Though they originally formed as a much more straightforward sludge band, Wigan’s Boss Keloid have steadily evolved into something far more interesting and far, far more weird. With 2018’s Melted On The Inch they showcased a knack for gargantuan riffs and vocals reminiscent of walking lumberjack beards, all the while with a progressive slant that embraced the weirder, psychedelic side of the genre. With their upcoming fifth album Family The Smiling Thrush, the band push that sound further, experimenting with texture and sound without losing their metal edge.
Opening first track ‘Orang of Noyn’ - and yes, the band do delight in weirder, nonsensical song titles - immediately introduces odd time signatures and off-kilter drum patterns. It’s initially disorienting but there’s a freeform, almost jazz feel to it. Alex Hurst’s deep croon accompanies this loose, meandering and all the while it gets progressively heavier, before a slow, mind-expanding chorus moment.
The song itself is nearly ten minutes - a bold opening gambit and one that pays off in spades, as it showcases every facet of Boss Keloid’s sound, all the while without sounding jumbled or forced. Bluesy, stoner riffs collide with psychedelic proggy passages, underpinned by Ste Arand’s understated, though no less impactful, drum work and Liam Pendlebury-Green's rumbling basslines that are often felt as much as heard.
First single ‘Gentle Clovis’ follows, and it’s a masterclass in mammoth riffs, euphoric atmosphere and a chorus that can only be described as majestic. It’s not a simple song by any measure, featuring spaced out jams and guitar work that gently evolves through to the culmination of the song in a groove-laden passage.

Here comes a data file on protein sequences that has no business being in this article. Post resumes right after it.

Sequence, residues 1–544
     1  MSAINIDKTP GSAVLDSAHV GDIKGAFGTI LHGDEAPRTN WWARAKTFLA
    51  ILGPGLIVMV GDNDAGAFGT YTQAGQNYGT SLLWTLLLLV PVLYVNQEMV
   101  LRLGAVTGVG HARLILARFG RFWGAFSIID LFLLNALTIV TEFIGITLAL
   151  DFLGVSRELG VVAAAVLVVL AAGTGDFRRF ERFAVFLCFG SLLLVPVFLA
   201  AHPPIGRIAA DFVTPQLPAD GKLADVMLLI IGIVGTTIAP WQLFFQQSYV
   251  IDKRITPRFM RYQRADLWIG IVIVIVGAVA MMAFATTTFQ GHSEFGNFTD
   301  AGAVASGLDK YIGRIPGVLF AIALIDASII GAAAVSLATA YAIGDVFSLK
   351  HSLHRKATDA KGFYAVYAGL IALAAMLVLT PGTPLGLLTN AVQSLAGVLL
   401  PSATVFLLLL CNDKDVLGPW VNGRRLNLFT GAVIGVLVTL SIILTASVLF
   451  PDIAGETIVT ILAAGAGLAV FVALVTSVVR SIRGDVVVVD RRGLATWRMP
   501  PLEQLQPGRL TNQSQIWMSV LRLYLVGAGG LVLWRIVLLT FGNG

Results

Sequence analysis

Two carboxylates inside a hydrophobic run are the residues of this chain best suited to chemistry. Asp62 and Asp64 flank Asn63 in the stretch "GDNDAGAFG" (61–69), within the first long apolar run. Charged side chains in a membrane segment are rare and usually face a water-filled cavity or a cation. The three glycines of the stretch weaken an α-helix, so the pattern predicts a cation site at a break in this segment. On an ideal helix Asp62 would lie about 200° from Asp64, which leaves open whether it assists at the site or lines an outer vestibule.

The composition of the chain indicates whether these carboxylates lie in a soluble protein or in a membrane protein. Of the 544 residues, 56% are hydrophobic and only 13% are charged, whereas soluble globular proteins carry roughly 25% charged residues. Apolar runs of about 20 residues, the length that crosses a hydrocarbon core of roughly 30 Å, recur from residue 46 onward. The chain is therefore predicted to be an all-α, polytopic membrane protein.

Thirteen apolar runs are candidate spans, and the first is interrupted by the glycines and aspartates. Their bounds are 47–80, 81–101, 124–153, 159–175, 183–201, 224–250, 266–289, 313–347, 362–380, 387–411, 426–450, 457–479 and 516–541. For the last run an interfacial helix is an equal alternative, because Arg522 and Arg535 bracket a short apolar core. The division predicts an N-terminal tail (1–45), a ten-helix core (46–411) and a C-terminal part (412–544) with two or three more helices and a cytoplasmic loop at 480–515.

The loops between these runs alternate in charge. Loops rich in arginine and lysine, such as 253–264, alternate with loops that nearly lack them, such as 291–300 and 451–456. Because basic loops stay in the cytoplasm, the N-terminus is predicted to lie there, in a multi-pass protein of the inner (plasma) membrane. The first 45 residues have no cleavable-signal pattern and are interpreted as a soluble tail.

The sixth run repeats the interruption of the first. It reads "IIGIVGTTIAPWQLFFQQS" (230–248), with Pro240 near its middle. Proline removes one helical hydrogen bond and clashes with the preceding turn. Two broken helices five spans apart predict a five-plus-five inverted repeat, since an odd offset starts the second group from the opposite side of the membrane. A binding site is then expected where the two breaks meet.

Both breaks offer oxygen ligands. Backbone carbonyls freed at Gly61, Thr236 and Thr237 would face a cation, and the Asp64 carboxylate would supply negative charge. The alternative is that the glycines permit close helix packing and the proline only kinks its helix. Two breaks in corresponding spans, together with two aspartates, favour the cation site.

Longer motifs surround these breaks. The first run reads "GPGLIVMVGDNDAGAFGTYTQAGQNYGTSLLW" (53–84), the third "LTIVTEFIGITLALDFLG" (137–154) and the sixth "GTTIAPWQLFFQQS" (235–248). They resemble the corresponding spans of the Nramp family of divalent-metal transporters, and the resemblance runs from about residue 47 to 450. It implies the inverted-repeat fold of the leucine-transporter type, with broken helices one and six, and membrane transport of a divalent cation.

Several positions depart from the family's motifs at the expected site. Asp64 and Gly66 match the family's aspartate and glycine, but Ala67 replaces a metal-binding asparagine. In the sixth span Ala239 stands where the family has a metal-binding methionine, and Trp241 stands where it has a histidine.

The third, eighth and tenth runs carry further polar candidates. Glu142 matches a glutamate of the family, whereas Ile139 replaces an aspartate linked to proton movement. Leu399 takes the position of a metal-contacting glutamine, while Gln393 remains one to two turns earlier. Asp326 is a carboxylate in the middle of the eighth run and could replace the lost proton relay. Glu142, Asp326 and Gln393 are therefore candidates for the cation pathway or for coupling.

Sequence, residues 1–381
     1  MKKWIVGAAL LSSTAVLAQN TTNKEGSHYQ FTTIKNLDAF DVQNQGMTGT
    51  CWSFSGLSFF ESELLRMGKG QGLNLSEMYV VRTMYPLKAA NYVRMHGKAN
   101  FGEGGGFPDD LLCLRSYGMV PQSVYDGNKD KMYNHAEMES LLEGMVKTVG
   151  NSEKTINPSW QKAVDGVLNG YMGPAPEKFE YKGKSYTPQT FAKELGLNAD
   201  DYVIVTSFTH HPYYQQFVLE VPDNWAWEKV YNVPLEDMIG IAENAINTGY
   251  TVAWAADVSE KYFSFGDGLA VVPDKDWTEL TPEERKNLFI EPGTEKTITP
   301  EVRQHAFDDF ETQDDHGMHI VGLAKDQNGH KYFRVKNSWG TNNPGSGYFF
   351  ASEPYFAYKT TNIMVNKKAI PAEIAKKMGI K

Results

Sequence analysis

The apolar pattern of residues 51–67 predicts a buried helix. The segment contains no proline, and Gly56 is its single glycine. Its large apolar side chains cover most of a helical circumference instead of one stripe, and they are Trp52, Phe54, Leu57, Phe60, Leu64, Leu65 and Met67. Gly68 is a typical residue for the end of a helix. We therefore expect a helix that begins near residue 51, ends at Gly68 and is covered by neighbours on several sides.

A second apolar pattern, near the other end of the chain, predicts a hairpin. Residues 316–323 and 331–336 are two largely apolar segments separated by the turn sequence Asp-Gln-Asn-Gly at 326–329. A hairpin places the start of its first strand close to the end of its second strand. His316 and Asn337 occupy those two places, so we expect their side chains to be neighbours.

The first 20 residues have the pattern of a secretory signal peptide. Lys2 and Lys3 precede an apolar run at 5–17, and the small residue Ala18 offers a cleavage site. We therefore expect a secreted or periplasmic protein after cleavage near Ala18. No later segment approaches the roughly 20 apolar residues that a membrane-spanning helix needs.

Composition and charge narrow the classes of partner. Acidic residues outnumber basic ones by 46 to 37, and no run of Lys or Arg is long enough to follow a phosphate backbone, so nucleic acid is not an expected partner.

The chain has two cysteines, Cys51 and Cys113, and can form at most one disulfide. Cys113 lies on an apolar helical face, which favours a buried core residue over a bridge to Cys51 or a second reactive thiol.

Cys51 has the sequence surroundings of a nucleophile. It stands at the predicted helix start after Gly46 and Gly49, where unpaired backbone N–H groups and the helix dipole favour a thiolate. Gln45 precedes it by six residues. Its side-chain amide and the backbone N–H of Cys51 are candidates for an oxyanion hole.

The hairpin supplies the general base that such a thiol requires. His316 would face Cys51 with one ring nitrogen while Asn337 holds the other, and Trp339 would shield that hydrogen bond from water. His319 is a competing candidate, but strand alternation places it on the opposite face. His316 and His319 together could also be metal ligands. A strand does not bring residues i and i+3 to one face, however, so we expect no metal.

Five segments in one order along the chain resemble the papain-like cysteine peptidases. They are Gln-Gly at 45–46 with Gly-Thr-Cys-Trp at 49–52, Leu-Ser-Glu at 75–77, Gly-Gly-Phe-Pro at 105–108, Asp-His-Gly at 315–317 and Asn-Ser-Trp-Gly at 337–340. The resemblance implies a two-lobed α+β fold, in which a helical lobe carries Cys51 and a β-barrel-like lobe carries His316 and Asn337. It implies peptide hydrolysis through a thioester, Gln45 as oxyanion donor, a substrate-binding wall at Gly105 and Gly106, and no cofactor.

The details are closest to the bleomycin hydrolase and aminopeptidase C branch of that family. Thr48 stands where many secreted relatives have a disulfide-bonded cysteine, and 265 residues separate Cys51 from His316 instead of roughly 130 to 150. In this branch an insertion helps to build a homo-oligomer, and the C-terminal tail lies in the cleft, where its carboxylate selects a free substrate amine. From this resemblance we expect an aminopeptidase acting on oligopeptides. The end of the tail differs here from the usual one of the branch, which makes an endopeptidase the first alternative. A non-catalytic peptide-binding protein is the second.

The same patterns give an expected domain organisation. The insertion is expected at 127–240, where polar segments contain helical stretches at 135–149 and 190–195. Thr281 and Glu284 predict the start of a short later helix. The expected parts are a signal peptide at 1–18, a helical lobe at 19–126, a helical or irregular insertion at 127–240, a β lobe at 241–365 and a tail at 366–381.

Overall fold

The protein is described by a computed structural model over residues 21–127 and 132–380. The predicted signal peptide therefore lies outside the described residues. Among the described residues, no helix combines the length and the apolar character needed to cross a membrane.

Tackling themes of inclusion and the collective being greater than the whole, it’s an album that leans towards positivity and uplifting emotions. That’s not to say the band shy away from negative emotion; ‘Smiling Thrush’ was written in the wake of a family member’s passing, and seeks to deal in part with the grief of that moment and how to move forwards. Rather than wallowing in sadness, however, it seeks again to look towards the light and find beauty and meaning with lyrics like “If we don’t love / How can we ever take flight”. Taking a slower approach, it’s an emotionally stirring song that seeks to reach out to those who may need to hear those kind words of encouragement and is all the more special for it.
It’s followed by ‘Cecil Succulent’, which begins with guitar lines shifting like sand dunes in the wind as it gathers momentum. The chorus here is particularly noteworthy as it soars and Hurst bellows “I don’t wanna / No I don’t think I’m gonna / Be part of something / Something that amounts to nothing / I don’t wanna / No I don’t think I’m gonna / Fake a feeling / When the feeling has got no meaning”. It’s a resounding message of not giving up part of yourself for something that only brings you down or isn’t going to enrich your life.
If there’s one thing Boss Keloid are known for, it’s their desire to constantly move forwards, to push their sound in new directions. They’re constantly mining various genres for influence and inclusion and it’s in this constant evolution that they find their voice. Their themes of positivity, inclusion and the uplifting message carried through their lyrics, their wonderfully weird song titles and progressive leanings, as well as the sheer majesty of their songs are the perfect tonic to the last year and a bit of misery and anxiety. Family The Smiling Thrush is a natural evolution in their sound from its predecessor; it preserves their core identity while still finding plenty of new ground to cover and sounds to incorporate and for that, it’s perhaps their finest work - for now.
Family The Smiling Thrush is out June 4th via Ripple Music